Captain Tadhg Leader, after an appearance-less 10-day loan to NOLA Gold, was back and ready to take on his name in a literal manner and take charge from the front of the pack of his team. The vocal conductor on the field, he had his team nipping at the bid from the get-go. When Lansdowne scored in the first minute, Tadhg was there to answer the call moments later when he chipped a ball over the defensive line to find Christian Adams who offloaded to Peceli Rinakama in a play that looked quite similar a play pieced together in stunning perfection against Munster.

“We just talk about it in training, if you see space have the confidence to call it and then obviously it’s me trying to execute. Thankfully it worked out well today and a little bit in the Cara Cup,” Leader said of the scoring effort. “It’s a huge weapon in today’s game. Team’s defenses are so good and so fast, if you can take space behind them it makes life easier. Then later on in the game attack it, because they’re not as quick off the line. Thankfully it worked out, it doesn’t always go that way, but it did today.”

Leader, who was no doubt the man of the match, wasn’t done there. He tacked on two tries in the second half amidst a crucial 19-0 run for the Jacks. He finished the day with 21 points. The boot wasn’t flawless but he worked around the misses, going four-of-seven on conversions but knocking down the lone penalty attempt.

That was the theme of the day really, though. Where minor mistakes blew up into game-altering chances for the opposition before, there was no major meltdown from New England in this game. They rebounded from mistakes with sheer determination to ensure they wouldn’t allow slip-ups to be their undoing.

The forward pack had moments of sheer dominance and were making regular penetrations across the gain line in the midfield. The likes of Jackson Thiebes, Conor Kindregan, and Pago Haini all dotted down in the contest from the forwards. And the entire pack deserves plenty of pats on the back for their efforts doing the game’s nitty-gritty to great ability.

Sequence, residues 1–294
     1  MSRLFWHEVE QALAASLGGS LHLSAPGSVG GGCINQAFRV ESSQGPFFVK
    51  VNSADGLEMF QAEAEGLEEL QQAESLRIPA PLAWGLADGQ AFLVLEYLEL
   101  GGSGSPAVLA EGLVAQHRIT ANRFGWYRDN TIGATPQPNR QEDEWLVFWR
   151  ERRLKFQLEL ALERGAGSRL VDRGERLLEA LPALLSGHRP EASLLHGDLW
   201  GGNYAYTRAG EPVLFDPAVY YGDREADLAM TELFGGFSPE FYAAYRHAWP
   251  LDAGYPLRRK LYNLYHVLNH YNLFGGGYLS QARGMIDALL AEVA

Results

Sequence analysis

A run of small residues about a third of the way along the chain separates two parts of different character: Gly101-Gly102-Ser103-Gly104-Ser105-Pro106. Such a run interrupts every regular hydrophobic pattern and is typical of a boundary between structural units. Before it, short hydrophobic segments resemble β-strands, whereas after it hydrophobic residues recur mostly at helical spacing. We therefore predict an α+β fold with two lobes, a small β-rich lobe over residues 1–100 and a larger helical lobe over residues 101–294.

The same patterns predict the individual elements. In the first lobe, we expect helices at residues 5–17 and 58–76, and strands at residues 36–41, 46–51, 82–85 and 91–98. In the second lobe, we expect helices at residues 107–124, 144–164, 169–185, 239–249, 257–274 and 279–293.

The defense was narrow at times, they allowed Lansdowne to carry 75% of the possession in the first half, yet they pieced together a marvelous effort to collect the first win in team history. This is a bit of the culmination of everything this team has been working on on the last three months. Limiting mistakes, capitalizing on holes, and playing great rugby in moments that matter. Trial by fire has done this team well and it’s a shame that positive momentum will have to be put on hold as the team breaks for the summer and heads in many directions.

The rugby machine that is the New England Free Jacks chugs ever forward. Deposits are now open for season tickets for next season, getting the chance to become a founding member of the Free Jacks’ great home supporters group. For $20, a refundable deposit can be put down to secure tickets to all eight home games in the 2020 season. A venue has yet to be selected, but for what it’s worth, the Irish Cultural Centre has put forth two of the greatest venue showcases of this exhibition season. Saturday was again a display of community rugby that only the ICC can deliver. The Boston Irish Wolfhounds set the tone for the day with the primer against Lansdowne B, pushing them late but ultimately falling short 24-35.

After a hard fought match  against the Free Jacks, on and off the field, Lansdowne’s touring party went on to New York and then returned home to Dublin

Read the full article at The Runner Sports